posted on Oct, 29 2013 @ 03:37 AM
In a culture of immaturity, unfair bias against 'the-other' is ever-present, as much in misandry as misogyny.
Although you are right in observing how many words are 'man-based' do bear in mind that actually, this is present sort of across the board in
english, and is one reason why some people lobbied to have "postman" changed to something else, and why people misuse the invented term
The word 'man' is part of woman, the word 'he' is part of she, and 'mankind' refers to everyone (and there are more than 2 genders, technically,
btw) so we should merely have applied "postman" to that hot blonde woman who delivers my mail. (Not my type, as a hetero woman, but I totally get
why the neighbor looks forward to getting his electric bill...!) But, that isn't how they chose to go about it.
So I am guessing that often it is merely a matter of trying to be politically correct by 'gender-neutralizing' the terms.
But, perhaps there is bias present. You may be right. I have never looked for it in this area, but I find that bias tends to pervade most human
behavior particularly in groups and especially in 'cultures' (larger groups), so it doesn't seem fully unlikely.
While many of the posts here going on about the injustice (et al) to females may have a point, that isn't really what the thread is about.
You can actually say that it is a form of misandry if a man says, "This appears to be a socially biased against men situation," only to have lots of
people respond with what amounts to, well women are more abused so there. LOL! That... kinda wasn't the point. And even if they are, that doesn't
mean the OP's original point doesn't have merit or isn't worth its own discussion.
There is a long list of stuff in our culture that is somewhat injust to men. For example, abortion debates rage on (just came from one of those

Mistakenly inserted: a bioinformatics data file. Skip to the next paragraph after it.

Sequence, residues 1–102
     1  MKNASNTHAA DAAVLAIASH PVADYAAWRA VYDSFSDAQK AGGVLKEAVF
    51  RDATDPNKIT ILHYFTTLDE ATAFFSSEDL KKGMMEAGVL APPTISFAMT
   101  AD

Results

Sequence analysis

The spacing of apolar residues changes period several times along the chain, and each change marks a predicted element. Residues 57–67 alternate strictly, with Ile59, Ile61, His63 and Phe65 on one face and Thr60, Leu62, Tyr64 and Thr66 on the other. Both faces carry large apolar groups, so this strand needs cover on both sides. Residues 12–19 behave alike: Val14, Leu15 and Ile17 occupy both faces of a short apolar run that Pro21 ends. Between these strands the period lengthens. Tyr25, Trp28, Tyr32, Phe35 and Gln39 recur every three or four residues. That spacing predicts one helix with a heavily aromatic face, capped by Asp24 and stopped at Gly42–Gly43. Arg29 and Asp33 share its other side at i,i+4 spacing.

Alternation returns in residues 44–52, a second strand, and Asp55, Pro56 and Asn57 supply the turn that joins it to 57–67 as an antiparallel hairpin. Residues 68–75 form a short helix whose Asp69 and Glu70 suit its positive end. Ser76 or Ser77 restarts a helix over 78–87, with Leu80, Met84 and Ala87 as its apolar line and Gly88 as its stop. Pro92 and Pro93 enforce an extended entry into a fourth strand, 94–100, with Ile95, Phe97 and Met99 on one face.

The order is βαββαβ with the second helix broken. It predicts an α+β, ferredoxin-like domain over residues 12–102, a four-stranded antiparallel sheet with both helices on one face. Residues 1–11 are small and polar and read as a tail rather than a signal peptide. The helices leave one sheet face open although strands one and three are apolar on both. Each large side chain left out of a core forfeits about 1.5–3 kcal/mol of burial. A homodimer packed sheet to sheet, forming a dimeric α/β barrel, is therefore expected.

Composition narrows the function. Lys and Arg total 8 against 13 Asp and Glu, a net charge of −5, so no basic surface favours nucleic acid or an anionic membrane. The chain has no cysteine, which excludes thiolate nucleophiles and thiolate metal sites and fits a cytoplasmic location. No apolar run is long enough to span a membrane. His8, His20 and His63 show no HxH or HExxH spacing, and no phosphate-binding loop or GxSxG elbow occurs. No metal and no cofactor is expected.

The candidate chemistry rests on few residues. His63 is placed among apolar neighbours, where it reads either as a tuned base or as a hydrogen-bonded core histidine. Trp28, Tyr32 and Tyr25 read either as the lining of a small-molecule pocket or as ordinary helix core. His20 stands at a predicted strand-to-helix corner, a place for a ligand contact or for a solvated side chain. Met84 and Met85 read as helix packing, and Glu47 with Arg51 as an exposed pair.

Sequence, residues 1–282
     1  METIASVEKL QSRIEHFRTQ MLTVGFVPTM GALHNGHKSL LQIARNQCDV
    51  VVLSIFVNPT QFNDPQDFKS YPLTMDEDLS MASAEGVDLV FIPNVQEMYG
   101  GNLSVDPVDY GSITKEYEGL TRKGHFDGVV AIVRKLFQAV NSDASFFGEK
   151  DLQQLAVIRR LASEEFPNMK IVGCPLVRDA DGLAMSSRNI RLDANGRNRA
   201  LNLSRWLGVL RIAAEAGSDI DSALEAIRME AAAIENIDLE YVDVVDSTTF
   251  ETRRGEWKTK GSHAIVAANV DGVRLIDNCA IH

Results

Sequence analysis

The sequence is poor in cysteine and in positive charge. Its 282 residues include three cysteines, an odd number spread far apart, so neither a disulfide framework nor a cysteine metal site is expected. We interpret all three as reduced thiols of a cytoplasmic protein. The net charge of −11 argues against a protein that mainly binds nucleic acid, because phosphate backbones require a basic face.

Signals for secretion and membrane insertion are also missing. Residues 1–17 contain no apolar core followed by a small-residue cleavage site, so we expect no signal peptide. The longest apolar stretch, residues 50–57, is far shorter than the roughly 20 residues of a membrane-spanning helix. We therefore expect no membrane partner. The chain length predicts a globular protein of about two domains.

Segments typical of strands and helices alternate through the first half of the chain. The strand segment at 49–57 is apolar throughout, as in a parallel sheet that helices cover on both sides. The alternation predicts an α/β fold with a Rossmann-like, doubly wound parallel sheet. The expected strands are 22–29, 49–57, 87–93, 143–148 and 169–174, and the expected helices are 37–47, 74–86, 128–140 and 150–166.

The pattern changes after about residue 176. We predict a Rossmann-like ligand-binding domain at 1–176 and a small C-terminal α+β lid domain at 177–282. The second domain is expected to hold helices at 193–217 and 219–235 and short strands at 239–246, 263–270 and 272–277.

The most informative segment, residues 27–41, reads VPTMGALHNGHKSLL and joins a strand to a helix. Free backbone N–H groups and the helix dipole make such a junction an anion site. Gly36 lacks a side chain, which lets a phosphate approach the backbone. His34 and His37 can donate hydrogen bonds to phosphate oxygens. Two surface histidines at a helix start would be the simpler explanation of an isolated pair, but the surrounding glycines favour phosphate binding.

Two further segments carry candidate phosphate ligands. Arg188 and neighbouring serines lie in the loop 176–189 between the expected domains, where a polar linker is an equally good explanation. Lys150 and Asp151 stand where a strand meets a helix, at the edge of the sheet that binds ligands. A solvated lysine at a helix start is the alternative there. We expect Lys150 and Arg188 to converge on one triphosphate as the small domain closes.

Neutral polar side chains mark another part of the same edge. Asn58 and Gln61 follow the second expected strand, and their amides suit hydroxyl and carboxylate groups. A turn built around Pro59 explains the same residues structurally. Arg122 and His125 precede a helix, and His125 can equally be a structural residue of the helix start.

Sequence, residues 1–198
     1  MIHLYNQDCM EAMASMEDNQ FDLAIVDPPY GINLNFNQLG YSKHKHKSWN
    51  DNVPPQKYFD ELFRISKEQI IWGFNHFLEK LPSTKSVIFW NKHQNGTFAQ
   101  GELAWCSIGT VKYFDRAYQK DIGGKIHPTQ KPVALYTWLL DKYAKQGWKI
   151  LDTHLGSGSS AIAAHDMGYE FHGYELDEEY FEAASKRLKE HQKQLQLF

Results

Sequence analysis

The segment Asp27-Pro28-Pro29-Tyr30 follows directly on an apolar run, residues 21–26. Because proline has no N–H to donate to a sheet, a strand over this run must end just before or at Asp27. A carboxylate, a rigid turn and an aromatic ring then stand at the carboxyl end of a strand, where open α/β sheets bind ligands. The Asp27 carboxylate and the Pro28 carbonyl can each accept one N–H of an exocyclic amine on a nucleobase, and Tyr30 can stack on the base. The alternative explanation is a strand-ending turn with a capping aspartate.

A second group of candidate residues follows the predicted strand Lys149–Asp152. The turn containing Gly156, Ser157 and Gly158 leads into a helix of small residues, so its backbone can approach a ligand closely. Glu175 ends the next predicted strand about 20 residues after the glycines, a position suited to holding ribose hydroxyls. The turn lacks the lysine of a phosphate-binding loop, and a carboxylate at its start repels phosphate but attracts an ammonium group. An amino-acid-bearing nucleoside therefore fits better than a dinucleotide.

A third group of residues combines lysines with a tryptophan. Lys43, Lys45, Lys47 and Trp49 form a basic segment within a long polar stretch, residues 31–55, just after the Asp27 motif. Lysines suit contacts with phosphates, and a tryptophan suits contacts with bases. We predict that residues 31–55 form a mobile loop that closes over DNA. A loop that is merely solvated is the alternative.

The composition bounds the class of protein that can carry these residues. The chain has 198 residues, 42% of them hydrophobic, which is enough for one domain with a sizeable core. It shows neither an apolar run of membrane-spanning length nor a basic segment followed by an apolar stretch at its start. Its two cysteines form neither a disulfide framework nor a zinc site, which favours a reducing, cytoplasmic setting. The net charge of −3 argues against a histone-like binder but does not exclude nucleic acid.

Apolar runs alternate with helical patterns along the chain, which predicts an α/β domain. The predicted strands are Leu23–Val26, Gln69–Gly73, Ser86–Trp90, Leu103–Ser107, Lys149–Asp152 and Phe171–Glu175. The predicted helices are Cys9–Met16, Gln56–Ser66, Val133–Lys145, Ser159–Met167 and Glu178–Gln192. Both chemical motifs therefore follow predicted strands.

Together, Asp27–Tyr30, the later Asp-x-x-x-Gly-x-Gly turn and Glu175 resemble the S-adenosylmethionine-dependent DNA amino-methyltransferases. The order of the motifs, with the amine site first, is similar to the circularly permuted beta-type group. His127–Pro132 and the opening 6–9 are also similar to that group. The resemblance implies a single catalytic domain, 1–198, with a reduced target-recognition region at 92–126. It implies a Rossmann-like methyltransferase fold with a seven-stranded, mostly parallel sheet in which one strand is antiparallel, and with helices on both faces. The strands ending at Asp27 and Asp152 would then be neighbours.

threads); I don't notice them filled with men saying "Why don't I get to choose? If she wants to keep it and I don't, why can't I say, I sign
off, this is not my fiscal/parental responsibility? Why can't I say, she can't abort it if I want to raise the child and in that case she has no
rights to it because she wanted to kill it? If it takes two and that theory is used for holding me responsible, then how come only one of us gets a
decision?" These are totally valid questions, and issues that impact and often mangle the rest of a man's life, and men have the right to question
them and should be proactively trying to do something about them.
So just using that as an example, it's a fair set of responses, but I don't see it made on those threads -- which is good -- yet I see the same
opposite behavior made on men's threads like this.
It's not always about women. Men have legit cultural issues too.
I don't know how much this is one of them, but it's a fair question.
I might add that really, though, you're talking about mainstream media. This is the media who if someone changes their name to something islamic and
is a civilian, and goes around killing innocent people, they will refer to him by his former 'white boy' name and refer to his former tour as a
soldier. This is the media that pretended France wasn't burning down in riots for like a week while the internet had videos and we had the totally
surreal experience of wondering why this was nowhere on TV -- and when finally reported, the American media promptly ignored the allah akbar signs and
rants and described them as 'disgruntled youths.' Those are merely what come to mind, I don't really have a bias regarding that topic, only that it
really stands out as memorable examples of spin.
In other words, the MSM is the biggest distortion factory there is -- so if they appear to be biased in the way the OP suggests, I would suggest that
this is likely just another element of media-distortion, and not necessarily any intentional -- or least not female related (as the OP agreed) --